Disease-free survival according to the main prognostic factors.

Figure 1: Disease-free survival according to the main prognostic factors. (A) DFS for G1-2 vs G3 tumors and (B) DFS for tumors with Ki67 <20% vs tumors with Ki67 ≥20%.

Not surprisingly given the distribution of baseline prognostic factors, the CT-cohort had a statistically significant worse outcome compared to the HT-cohort with regard of DFS (hazard ratio=2.17, 95% CI 1.26 to 3.75, p=0.005; Figure 2A) and OS (hazard ratio=4.32, 95% CI 1.13 to 16.5, p=0.032; Figure 2B) at 5 years and 10 years. Disease-free survival rates at 5 and 10 years were 95.6% (95% CI, 93.6%-97.8%) and 87.8% (95% CI, 83.0%-92.8%) in the CT-cohort vs 98.5% (95% CI, 97.7% to 99.4%) and 94.1% (95% CI, 91.2%-97.2%) in the HT-cohort, respectively (Table 2). Overall survival rates at 5 and 10 years were 98.9% (95% CI, 97.8%-100%) and 96.9% (95% CI, 94.3%-99.6%) in the CT-cohort and 99.7% (95% CI, 99.3%-100%) and 99.4% (95% CI, 98.5%-100%) in the HT-cohort, respectively (Table 3).

DFS and OS for the CT-cohort vs the HT-cohort.

Figure 2: DFS and OS for the CT-cohort vs the HT-cohort. (A) DFS and (B) OS for the CT-cohort vs the HT-cohort.

Table 2: DFS rates for HT-cohort vs CT-cohort


N. of patients

N. of events

DFS rates at 5 years (95% CIs)

DFS rates at 10 years (95% CI)

Hazard Ratio
(95% CI)
CT vs HT






2.17 (1.26 - 3.75) p=0.005*










Whole population








*Univariate log rank test.

Table 3: OS rates for HT vs CT-cohort


N. of patients

N. of events

OS rates at 5 years (95% CI)

OS rates at 10 years (95% CI)

Hazard Ratio
(95% CI)
CT vs HT






(1.13-16.5) p=0.032*










Whole population








*univariate log rank test.

To evaluate in greater detail the impact of adjuvant treatment choice on clinical outcomes in a more homogeneous population, we analyzed survival outcome in a subgroup of 408 patients matched by propensity score (204 patients from the CT-cohort and 204 patients from the HT-cohort). The baseline characteristics of patients with luminal-like stage IA breast cancer matched by propensity score are reported in Supplementary Table 5. The items matched were patient’s age, tumor size category, histological grade, PgR expression, using a cut off of 20%, and Ki67 index, as a continuous variable. When variables were well balanced, neither DFS nor OS differed significantly between the two study cohorts (Figure 3A and 3B, respectively). We also explored the interaction between CT efficacy and Ki67 levels, and found it was not significant (data not shown); however, the number of events was too low to achieve sufficient statistical power.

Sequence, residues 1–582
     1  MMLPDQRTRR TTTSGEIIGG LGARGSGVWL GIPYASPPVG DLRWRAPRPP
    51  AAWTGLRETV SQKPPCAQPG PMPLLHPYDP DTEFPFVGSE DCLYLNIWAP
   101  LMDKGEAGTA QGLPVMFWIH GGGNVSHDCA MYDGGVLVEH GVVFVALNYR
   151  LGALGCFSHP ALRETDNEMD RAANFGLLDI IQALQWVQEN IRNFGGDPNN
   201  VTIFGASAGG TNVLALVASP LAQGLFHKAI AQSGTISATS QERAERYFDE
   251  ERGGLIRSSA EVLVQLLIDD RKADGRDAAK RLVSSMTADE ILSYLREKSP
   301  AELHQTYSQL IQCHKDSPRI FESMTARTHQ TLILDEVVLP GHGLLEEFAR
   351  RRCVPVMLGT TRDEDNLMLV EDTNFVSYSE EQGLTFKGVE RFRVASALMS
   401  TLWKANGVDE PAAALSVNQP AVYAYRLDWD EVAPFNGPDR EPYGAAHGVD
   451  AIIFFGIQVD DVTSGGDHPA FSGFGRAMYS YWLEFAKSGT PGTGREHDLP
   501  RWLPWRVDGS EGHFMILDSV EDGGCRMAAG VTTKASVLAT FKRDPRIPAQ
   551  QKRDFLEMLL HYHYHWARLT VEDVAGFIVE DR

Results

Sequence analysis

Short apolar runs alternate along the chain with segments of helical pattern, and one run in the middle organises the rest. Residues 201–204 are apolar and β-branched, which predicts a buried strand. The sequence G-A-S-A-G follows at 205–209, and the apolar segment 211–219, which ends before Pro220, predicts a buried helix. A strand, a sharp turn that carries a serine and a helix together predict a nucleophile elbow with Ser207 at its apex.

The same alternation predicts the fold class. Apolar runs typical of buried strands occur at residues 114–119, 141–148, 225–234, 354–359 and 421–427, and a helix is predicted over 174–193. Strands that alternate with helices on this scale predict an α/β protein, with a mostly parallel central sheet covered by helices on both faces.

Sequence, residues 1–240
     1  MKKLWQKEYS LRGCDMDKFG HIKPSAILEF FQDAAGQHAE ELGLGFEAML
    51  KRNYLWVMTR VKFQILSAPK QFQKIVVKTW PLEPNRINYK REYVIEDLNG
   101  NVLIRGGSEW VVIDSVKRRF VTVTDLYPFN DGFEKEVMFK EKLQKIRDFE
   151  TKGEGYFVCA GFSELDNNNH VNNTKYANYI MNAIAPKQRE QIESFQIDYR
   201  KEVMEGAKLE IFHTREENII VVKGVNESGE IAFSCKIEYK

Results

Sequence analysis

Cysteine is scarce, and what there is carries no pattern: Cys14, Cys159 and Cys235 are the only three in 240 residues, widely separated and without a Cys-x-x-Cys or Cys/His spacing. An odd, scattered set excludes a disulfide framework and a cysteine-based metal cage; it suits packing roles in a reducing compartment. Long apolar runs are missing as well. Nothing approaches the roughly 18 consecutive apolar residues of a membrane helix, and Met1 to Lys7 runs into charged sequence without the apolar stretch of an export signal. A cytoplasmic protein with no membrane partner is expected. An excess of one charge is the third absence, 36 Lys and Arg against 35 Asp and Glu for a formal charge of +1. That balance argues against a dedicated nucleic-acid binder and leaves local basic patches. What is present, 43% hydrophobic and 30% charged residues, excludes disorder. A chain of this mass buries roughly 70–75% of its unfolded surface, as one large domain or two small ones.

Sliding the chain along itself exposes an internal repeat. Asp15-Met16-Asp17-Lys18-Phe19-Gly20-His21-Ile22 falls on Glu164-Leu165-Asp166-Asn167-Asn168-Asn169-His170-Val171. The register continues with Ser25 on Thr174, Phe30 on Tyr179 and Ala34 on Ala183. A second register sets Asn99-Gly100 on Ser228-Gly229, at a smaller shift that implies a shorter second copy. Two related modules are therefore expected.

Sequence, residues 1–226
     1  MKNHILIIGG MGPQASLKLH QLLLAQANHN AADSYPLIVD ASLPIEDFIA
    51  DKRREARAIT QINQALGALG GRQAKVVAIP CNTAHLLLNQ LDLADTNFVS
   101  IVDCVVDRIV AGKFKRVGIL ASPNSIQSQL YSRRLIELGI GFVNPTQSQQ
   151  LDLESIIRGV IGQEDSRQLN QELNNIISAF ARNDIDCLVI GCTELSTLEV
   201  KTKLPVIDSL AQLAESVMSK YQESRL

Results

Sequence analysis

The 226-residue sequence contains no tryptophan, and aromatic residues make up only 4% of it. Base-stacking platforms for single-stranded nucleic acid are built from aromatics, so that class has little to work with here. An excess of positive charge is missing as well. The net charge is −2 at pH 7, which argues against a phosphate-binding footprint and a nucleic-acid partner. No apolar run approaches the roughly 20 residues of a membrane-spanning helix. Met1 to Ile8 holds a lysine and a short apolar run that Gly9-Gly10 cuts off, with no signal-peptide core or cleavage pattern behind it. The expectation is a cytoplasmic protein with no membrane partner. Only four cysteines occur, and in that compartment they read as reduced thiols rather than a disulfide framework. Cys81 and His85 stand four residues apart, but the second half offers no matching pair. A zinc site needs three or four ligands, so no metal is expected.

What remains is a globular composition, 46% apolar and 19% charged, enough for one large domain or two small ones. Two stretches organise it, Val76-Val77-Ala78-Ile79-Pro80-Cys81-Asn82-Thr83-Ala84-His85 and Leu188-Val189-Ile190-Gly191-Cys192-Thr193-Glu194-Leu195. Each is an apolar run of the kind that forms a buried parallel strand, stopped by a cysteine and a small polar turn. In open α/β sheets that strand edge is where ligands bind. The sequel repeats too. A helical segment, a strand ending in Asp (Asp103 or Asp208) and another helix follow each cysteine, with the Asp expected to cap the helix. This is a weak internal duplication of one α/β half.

DFS for the CT-cohort vs the HT-cohort matched by propensity score.

Figure 3: DFS for the CT-cohort vs the HT-cohort matched by propensity score. (A) DFS and (B) OS for the CT-cohort vs HT-cohort matched by propensity score with Ki67 as continuous variable.

Multivariate analyses

In a multivariable analysis, stratified by Oncologic Center, that included patient’s age (<50 years vs ≥50 years), tumor size (T1a vs T1b vs T1c), histological grade (G1-G2 vs G3), tumor proliferation (Ki67 as a continuous variable), PgR levels (<20% vs ≥20%) and chemotherapy treatment (yes vs no), only histological grade had an independent prognostic value in predicting DFS (hazard ratio for G3 vs. G1-2 = 2.41, 95% CI 1.10 to 5.28, p=0.028; Table 4).

Table 4: Multivariate analyses with Cox regression model for DFS, stratified by oncologic center


Hazard Ratios

95% CI

P value


Yes vs No





≥50 vs. <50




T category

T1c vs T1b vs T1a





G3 vs G1-2





continuous variable





continuous variable





continuous variable





Overall, our patients with luminal-like stage IA breast cancer had an excellent prognosis with survival rates at 5 and 10 years of 99% and 98%, respectively. Risk stratification, in our patients, was based on clinical and tumor parameters. As expected, given that the decision of proposing adjuvant CT was left to the physician, patients receiving this therapy were more likely to have worse prognostic characteristics (larger tumors with a higher proliferation index, higher tumor grade and lower ER and PgR expression levels) than patients receiving HT only. Among the clinical and immunohistochemical (IHC) parameters analyzed, only tumor grade was significantly related to DFS in our patients. Interestingly, despite the use of adjuvant CT, patients in the CT cohort still relapsed and their death rate was higher than that of the HT cohort. Moreover, when all the clinical and tumor features were matched by the propensity score, the addition of CT did not significantly improve either DFS or OS compared to HT alone.